In 2008, Peden was appointed to the North Carolina Environmental Management Commission and served for six years.
Peden attributes his success as a researcher to being able to collaborate across disciplines. He has been a collaborator on many large grants that span departments and universities around the country. He honed this skill-set as a collaborator and administrator with the North Carolina Translational & Clinical Sciences (NC TraCS) Institute, which he has been involved with in various capacities since its inception. Peden participates on research teams and oversees team sciences services.
He brings that same collaborative spirit as the leader of IE and sees his role as an opportunity to synergize data science, environmental science and precision medicine in a transformative way.
Peden also is a Judo enthusiast and has been the faculty advisor to the Carolina Judo Club since 1994.
Fellowship, Allergy & Immunology Allergic Diseases Section, Laboratory of Clinical Investigation, National Institute of Allergy & Infectious Diseases, National Institutes of Health, Bethesda, MD, 1984-87
Internship and Residency in Pediatrics, Department of Pediatrics, West Virginia University Medical Center, Morgantown, WV, 1984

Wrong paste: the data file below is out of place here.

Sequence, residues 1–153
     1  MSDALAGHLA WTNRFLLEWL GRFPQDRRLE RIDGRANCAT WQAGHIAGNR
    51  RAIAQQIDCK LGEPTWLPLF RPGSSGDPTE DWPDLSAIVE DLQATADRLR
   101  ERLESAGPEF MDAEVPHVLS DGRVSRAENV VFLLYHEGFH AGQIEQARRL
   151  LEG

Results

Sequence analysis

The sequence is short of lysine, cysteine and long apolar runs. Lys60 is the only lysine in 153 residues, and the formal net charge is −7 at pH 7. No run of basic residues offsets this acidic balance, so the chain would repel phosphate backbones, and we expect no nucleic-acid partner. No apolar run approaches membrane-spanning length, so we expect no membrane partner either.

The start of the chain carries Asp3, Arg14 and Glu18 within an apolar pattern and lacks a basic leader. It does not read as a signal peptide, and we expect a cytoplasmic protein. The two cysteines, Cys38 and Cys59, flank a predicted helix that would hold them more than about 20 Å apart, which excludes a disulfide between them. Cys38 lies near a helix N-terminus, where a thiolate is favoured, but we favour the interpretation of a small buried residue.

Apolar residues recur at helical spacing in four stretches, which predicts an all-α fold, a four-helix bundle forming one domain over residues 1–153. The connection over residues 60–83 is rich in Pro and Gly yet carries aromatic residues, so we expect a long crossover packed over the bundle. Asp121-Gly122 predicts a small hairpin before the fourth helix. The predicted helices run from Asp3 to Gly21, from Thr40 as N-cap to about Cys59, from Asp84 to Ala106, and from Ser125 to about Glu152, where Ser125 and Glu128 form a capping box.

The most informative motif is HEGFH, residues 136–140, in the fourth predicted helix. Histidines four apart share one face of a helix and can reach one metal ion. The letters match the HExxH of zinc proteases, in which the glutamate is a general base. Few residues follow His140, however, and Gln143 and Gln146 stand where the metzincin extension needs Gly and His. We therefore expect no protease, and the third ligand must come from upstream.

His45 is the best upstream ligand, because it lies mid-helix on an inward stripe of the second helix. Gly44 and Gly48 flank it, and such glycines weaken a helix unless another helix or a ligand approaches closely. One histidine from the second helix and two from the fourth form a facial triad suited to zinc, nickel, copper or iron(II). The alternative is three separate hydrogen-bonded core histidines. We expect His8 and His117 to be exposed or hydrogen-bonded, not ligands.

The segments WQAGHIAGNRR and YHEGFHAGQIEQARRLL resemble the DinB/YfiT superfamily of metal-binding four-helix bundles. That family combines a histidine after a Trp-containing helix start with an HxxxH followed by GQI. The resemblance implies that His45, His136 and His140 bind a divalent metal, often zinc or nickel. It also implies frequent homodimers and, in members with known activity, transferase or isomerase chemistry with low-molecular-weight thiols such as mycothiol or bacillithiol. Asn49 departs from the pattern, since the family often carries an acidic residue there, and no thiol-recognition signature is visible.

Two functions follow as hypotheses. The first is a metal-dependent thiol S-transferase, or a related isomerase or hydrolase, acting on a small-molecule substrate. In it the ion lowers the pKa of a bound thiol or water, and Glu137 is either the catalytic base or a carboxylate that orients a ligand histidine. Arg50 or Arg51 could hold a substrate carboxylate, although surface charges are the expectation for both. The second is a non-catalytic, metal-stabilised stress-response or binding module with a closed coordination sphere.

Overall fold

M.D., West Virginia University, 1984
M.S., Pharmacology and Toxicology, West Virginia University, 1984
B.A., (cum laude) Citation in the Departmental Honors Program, Department of Biology, West Virginia University, 1980
Burbank AJ, Duran CG, Pan Y, Burns P, Jones S, Jiang Q, Yang C, Jenkins S, Wells H, Alexis N, Kesimer M, Bennett WD, Zhou H, Peden DB*, Hernandez ML* (*= co-senior authors). Gamma tocopherol reduces sputum eosinophilia and endotoxin-induced sputum neutrophilia in volunteers with asthma. In Press, Journal of Allergy and Clinical Immunology, 6/2017
Hernandez ML, Mills K, Almond M, Todoric K, Aleman MM, Zhang H, Zhou H, Peden DB. Interleukin-1 receptor antagonist reduces endotoxin-induced airway inflammation in healthy volunteers. J Allergy Clin Immunol. 2015 Feb;135(2):379-85. doi: 10.1016/j.jaci.2014.07.039.
Alexis NE, Huang T, Rappold A, Kehrl H, Devlin R, Peden DB. Asthmatics Demonstrate Airway inflammation Following Exposure to concentrated ambient particulate matter, Am J Respir Crit Care Med. 2014 Jul 15;190(2):235-7. doi: 10.1164/rccm.201401-0126LE
Alexis NE, Lay JC, Zhou H, Kim CS, Hernandez ML, Kehrl H, Hazucha MJ, Devlin RB, Diaz-Sanchez D, Zou B, Zhou H, Peden DB. The Glutathione-S-Transferase null genotype and increased neutrophil response to low level ozone (0.06 ppm). J Allergy Clin Immunol. 2013 Feb;131(2):610-2. doi: 10.1016/j.jaci.2012.07.005.
Hernandez, ML, Lay JC; Harris B, Esther CR, Brickey J, Bromberg PA, Diaz-Sanchez D, Devlin RB, Kleeberger SR, Alexis NE, Peden DB. Atopic Asthmatics but not atopics without asthma have enhanced inflammatory response to ozone. J Allergy Clin Immunol. 2010 Sep;126(3):537-544.e1.